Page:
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at are a few of the organisms that had sequences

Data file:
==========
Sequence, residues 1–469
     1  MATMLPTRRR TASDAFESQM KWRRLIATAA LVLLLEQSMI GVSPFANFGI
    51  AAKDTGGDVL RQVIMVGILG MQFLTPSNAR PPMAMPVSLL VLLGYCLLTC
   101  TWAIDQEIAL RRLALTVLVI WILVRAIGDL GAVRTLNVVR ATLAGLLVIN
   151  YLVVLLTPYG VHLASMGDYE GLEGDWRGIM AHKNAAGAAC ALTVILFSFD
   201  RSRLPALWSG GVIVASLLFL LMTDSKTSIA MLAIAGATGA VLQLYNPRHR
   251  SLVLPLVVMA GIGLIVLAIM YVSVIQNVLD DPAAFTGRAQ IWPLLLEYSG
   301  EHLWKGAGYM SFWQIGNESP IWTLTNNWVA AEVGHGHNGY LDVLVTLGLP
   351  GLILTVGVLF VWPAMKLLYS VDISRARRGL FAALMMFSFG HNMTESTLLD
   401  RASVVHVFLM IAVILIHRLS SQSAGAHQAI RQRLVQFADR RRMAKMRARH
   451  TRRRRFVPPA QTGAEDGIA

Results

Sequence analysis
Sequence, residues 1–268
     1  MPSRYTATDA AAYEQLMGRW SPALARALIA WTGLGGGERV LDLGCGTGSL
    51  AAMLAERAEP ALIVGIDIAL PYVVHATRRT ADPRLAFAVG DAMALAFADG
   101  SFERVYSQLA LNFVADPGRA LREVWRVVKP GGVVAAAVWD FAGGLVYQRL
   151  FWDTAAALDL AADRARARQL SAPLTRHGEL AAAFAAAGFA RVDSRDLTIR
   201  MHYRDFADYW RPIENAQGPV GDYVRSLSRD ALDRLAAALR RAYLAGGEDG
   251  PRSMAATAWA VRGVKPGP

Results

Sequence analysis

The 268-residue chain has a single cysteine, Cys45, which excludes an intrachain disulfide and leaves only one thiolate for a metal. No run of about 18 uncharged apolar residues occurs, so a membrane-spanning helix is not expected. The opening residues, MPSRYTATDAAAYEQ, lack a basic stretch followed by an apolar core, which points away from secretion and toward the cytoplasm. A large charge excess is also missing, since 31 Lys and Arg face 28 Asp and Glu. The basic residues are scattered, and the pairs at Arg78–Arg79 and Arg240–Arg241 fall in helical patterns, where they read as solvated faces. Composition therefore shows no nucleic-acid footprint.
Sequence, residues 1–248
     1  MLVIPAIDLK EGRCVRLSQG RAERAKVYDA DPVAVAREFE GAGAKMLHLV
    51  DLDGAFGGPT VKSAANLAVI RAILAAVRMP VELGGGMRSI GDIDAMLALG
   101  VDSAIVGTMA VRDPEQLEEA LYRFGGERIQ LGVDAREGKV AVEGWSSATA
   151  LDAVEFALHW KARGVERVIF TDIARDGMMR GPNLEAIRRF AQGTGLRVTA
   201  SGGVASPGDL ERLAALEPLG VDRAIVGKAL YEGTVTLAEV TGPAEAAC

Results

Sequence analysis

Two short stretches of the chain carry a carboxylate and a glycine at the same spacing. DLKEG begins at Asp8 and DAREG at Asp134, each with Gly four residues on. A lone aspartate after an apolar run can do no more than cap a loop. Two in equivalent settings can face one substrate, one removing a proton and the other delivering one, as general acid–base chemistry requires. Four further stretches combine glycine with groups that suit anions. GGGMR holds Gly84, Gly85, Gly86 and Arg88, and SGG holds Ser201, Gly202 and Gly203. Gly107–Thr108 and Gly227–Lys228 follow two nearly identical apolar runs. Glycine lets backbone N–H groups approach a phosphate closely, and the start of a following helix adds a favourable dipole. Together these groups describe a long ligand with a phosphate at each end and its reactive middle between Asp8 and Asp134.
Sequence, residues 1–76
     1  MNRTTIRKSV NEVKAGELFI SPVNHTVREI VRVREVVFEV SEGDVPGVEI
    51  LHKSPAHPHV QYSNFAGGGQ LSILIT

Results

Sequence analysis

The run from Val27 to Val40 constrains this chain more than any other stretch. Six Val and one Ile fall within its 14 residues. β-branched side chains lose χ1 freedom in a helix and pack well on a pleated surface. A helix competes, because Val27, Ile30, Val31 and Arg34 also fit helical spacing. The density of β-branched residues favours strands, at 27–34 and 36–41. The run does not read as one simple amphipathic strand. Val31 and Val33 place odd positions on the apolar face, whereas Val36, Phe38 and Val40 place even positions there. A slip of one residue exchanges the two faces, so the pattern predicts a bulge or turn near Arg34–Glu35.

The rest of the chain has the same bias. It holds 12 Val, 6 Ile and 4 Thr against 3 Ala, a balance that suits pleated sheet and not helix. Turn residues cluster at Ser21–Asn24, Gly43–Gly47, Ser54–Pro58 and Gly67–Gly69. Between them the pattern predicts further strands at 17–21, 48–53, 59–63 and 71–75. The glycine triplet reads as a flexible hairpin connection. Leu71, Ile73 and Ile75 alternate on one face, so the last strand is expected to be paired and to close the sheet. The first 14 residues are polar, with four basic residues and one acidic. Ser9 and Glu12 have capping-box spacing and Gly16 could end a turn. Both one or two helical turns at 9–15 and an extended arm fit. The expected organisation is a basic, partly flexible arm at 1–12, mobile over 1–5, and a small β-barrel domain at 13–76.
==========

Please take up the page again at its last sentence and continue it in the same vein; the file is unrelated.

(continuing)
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solution


Question